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Science behind beer prank revealed

Scientists in France and Spain have explained why beer foams so much if the top of the bottle is tapped, likening the reaction to a nuclear explosion.

Researchers at Carlos III University in Spain have attributed the reaction to “cavitation”, apparently a common engineering concern often seen in the erosion of ship propellers where bubbles forming around the propeller blades then collapse quickly due to pressure causing a shock wave. This can lead to cavities forming on the metal.

The scientists explained that when the bottle is bumped from above, a compression wave travels down and rebounds as an expansion wave.

Within 0.1 to 1 millisecond the two waves have broken up the larger “mother” bubbles in the beer and within 1 to 10 milliseconds these have become much smaller “daughter” bubbles.

It takes these smaller bubbles less than a second to expand rapidly, growing in size and forming a foam which rises and overflows the container.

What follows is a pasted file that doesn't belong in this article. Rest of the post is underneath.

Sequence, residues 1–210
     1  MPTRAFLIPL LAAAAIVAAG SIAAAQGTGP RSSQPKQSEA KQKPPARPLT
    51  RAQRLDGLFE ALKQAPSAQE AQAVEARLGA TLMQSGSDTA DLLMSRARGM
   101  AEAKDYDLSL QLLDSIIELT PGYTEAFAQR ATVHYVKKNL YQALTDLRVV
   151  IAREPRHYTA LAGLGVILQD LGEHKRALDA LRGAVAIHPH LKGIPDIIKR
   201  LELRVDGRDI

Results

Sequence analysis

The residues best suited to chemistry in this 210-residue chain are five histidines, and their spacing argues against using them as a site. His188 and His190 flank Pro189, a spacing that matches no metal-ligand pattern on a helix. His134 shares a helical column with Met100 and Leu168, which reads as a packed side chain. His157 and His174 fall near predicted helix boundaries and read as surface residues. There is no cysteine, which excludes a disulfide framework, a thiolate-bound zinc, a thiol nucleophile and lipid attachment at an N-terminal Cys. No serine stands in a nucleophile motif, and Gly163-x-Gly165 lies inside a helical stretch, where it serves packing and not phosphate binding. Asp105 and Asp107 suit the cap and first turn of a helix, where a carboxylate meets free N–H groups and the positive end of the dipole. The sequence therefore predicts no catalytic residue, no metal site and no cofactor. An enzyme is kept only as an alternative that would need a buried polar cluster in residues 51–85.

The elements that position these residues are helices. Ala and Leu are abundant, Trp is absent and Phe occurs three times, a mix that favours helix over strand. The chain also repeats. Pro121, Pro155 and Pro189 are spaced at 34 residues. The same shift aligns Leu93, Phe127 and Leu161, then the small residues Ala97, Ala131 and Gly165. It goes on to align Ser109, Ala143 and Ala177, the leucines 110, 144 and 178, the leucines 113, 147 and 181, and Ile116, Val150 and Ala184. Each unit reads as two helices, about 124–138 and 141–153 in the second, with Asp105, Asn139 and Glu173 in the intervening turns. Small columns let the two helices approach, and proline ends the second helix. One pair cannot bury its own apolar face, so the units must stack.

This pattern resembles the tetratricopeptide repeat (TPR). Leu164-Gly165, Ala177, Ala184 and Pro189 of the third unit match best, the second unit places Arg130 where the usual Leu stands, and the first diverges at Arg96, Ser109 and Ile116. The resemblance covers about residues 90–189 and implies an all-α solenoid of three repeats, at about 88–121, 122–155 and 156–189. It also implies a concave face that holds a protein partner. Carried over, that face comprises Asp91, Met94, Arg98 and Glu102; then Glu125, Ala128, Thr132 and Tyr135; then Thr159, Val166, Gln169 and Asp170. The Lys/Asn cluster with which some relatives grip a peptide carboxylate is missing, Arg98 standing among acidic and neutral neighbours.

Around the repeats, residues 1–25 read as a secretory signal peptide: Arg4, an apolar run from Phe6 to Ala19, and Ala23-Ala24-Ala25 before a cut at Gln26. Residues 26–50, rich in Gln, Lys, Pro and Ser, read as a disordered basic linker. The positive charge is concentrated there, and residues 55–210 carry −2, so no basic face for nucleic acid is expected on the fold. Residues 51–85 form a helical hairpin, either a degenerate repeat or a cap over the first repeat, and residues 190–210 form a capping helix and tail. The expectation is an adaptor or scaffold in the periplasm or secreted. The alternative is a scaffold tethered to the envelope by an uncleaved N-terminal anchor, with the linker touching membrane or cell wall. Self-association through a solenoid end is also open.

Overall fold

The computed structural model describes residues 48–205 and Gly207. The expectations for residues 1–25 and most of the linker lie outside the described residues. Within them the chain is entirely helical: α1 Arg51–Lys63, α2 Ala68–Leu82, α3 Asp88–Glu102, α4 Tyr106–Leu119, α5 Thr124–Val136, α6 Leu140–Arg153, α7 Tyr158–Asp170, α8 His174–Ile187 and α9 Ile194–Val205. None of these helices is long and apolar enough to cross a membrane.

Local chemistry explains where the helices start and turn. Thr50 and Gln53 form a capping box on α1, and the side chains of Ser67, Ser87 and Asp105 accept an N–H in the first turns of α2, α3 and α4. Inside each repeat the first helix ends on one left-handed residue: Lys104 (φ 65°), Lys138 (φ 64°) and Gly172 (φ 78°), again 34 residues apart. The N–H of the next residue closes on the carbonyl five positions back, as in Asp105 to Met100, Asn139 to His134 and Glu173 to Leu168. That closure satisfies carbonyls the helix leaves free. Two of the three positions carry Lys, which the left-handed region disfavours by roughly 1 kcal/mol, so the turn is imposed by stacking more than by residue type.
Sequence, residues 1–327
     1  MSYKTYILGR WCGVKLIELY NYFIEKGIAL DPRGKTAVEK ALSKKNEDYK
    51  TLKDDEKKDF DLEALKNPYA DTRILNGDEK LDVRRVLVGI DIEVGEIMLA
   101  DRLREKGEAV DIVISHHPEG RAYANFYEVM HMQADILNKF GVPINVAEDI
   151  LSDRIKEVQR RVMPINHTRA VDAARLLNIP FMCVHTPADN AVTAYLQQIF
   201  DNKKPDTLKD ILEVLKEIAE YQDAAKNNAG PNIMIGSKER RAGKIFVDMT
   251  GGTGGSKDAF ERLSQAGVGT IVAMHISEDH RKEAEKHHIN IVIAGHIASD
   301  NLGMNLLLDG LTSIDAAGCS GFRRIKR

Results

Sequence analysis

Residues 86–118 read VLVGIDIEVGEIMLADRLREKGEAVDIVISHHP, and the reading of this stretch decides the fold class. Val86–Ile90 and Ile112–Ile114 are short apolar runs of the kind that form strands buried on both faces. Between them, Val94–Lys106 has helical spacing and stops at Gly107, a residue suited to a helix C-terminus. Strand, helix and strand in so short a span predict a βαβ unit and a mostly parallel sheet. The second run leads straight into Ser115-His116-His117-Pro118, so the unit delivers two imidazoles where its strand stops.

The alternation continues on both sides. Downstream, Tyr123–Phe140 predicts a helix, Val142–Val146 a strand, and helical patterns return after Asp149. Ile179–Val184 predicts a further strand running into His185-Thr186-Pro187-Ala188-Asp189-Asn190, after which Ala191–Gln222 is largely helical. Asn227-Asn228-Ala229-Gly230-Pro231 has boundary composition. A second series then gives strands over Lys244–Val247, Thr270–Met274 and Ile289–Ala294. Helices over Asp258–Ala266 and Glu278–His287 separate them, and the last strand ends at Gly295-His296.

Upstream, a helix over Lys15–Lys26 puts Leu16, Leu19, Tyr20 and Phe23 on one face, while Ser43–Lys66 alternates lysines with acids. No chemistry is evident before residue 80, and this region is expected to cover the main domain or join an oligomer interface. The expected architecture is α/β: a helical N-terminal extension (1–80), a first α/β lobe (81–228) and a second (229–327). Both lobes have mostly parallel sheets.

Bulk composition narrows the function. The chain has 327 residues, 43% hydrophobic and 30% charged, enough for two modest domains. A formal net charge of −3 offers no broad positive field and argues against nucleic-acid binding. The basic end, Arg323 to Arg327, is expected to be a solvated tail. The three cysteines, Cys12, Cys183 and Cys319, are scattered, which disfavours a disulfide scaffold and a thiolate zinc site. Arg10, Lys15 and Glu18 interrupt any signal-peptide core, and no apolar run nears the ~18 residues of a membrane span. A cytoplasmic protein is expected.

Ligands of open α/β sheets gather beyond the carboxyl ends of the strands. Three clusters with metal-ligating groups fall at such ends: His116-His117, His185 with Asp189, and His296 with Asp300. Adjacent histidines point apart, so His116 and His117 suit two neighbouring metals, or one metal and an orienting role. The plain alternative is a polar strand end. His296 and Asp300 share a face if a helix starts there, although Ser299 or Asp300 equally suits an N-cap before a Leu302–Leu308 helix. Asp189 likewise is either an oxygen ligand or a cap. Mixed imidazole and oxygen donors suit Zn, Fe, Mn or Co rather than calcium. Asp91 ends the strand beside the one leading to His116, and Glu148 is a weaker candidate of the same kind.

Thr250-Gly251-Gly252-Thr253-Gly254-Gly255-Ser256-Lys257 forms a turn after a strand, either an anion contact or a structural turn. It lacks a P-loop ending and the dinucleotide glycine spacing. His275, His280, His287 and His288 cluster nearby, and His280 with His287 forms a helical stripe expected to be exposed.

Lead researcher, Javier Rodriguez-Rodriguez, explained: “Buoyancy leads to the formation of plumes full of bubbles, whose shape resembles very much the mushrooms seen after powerful explosions.

“And here is what really makes the formation of foam so explosive: the larger the bubbles get, the faster they rise, and the other way around.”

Although it may appear fatuous to study the effects of what is usually a common prank, Rodriguez-Rodriguez explained that the findings of the study can be applied to other situations and help explain the movement of gas in the natural world.

He referenced in particular the sudden release of trapped carbon dioxide from Lake Nyos in Cameroon in 1986.

Located in the north-west of the west African country, the lake is one of only three lakes in the world known to expel large amounts of gas (which is created by a pocket of magma beneath the lake).

On 21 August 1986, a limnic eruption (possibly caused by a landslide), led to well over 100,000 tonnes of CO2 – some sources estimate over 1.6 million tons – being released from the lake.

Rushing to the surface at over 62 miles per hour, the gas erupted in a wall of water 25 metres high and spread out over an area of some 25km, suffocating over 1,200 people and 3,500 livestock.

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